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Farmers dump dairy calves on Carla Lane

12 August 1999

Farmers dump dairy calves on Carla Lane

FOUR farmers delivered 43 black-and-white bull calves to animal rights activist Carla Lane today (Thursday), claiming they could not afford to keep them…more…

Todays news



 on GM crops – CLICK HERE

Euro1 = £0.6614
£1 = Euro1.5119 / DM2.9571 / FF9.9177 / $1.6084 
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Farmers dump dairy calves on Carla Lane

12 August 1999
Farmers dump dairy calves on Carla Lane

By Vicky Houchin

FOUR farmers delivered 43 black-and-white bull calves to animal rights activist Carla Lane today (Thursday), claiming they could not afford to keep them.

The dairy bull calves, all under a week old, were taken 150 miles from Somerset to Miss Lanes animal sanctuary in West Sussex.

The farmers – Justin Farthing, Chris Barber, Julius Longman and Neil Christensen – turned up at the sanctuary unannounced in Land Rovers and horse boxes because none of them wanted to shoot their calves.

Mr Farthing had taken three calves to market last week, only to bring one back unsold while the others made £2 and £5.

“I dont want my staff to have to shoot them either, because their job is to rear them – not kill,” said Mr farthing.

The farmers took the calves to Miss Lane not just because she runs an animal sanctuary but because she is a prominent animal activist.

Earlier this week, Miss Lane said that one solution consumers could do to prevent the “barbaric mayhem” from happening was to stop buying dairy products and drinking milk.

On arrival, Miss Lane helped feed the calves with milk power supplied by the farmers. She took them in, although she admitted that she had no idea what she would do with them.

She told the farmers how ridiculous it was that a dairyman could get up in the middle of the night to calve a cow and then immediately shoot its offspring.

Mr Farthing described the television writer as very reasonable and said she understood their plight.

“We dont want a Government subsidy, but would rather have a market for these animals,” he said.

Miss Lane discussed the possible market outlets for the calves with the men, and said she was against the animals being transported long distances to be killed.

But she believes a slaughterhouse at Dover could be one answer to their problems, since the carcasses could then be transported on the hook.

Since the end of the Calf Processing Aid Scheme (CPAS), the value of black-and-white calves has dropped to between £1-£4 at markets around the country.

Many farmers can not afford to take the animals to market, and are looking to slaughter male calves at birth.

    Read more on:
  • News

Farmers dump dairy calves on Carla Lane

12 August 1999

Farmers dump dairy calves on Carla Lane

FOUR farmers delivered 43 black-and-white bull calves to animal rights activist Carla Lane today (Wednesday), claiming they could not afford to keep them…more…

Todays news



 on GM crops – CLICK HERE

Euro1 = £0.6614
£1 = Euro1.5119 / DM2.9571 / FF9.9177 / $1.6084 
Farmers Weekly 4x4 and Country Car Show
ADAS, CLA and NFU membership services
Click the logos

      



    Read more on:
  • News

Farmers dump dairy calves on Carla Lane

12 August 1999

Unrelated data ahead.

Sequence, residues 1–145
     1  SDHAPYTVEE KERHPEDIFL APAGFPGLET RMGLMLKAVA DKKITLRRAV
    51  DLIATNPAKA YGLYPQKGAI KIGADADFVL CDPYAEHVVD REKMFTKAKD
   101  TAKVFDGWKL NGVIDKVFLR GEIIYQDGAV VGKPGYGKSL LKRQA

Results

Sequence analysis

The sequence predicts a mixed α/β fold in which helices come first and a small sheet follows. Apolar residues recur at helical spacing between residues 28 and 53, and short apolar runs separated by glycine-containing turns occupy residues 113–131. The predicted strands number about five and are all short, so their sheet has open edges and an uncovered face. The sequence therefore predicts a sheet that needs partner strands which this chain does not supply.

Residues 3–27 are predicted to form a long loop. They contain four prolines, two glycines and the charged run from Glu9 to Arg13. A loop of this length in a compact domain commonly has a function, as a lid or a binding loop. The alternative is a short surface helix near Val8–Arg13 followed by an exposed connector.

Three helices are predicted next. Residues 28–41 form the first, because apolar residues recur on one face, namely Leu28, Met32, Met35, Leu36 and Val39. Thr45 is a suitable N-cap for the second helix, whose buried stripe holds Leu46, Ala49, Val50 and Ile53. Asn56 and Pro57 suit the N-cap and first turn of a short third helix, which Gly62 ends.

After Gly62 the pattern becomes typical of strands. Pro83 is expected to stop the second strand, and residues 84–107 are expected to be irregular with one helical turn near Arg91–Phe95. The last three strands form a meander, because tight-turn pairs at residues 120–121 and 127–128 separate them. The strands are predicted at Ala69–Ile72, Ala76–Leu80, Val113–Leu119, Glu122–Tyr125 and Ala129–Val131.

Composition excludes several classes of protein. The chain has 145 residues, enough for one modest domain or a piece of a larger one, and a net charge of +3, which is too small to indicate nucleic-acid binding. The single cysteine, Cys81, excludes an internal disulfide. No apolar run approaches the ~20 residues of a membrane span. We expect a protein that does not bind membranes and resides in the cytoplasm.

Farmers dump dairy calves on Carla Lane

By Vicky Houchin

FOUR farmers delivered 43 black-and-white bull calves to animal rights activist Carla Lane today (Wednesday), claiming they could not afford to keep them.

The dairy bull calves, all under a week old, were taken 150 miles from Somerset to Miss Lanes animal sanctuary in West Sussex.

The farmers – Justin Farthing, Chris Barber, Julius Longman and Neil Christensen – turned up at the sanctuary unannounced in Land Rovers and horse boxes because none of them wanted to shoot their calves.

Mr Farthing had taken three calves to market last week, only to bring one back unsold while the others made £2 and £5.

“I dont want my staff to have to shoot them either, because their job is to rear them – not kill,” said Mr farthing.

The farmers took the calves to Miss Lane not just because she runs an animal sanctuary but because she is a prominent animal activist.

Earlier this week, Miss Lane said that one solution consumers could do to prevent the “barbaric mayhem” from happening was to stop buying dairy products and drinking milk.

On arrival, Miss Lane helped feed the calves with milk power supplied by the farmers. She took them in, although she admitted that she had no idea what she would do with them.

She told the farmers how ridiculous it was that a dairyman could get up in the middle of the night to calve a cow and then immediately shoot its offspring.

Mr Farthing described the television writer as very reasonable and said she understood their plight.

“We dont want a Government subsidy, but would rather have a market for these animals,” he said.

Miss Lane discussed the possible market outlets for the calves with the men, and said she was against the animals being transported long distances to be killed.

But she believes a slaughterhouse at Dover could be one answer to their problems, since the carcasses could then be transported on the hook.

Since the end of the Calf Processing Aid Scheme (CPAS), the value of black-and-white calves has dropped to between £1-£4 at markets around the country.

Many farmers can not afford to take the animals to market, and are looking to slaughter male calves at birth.

    Read more on:
  • News
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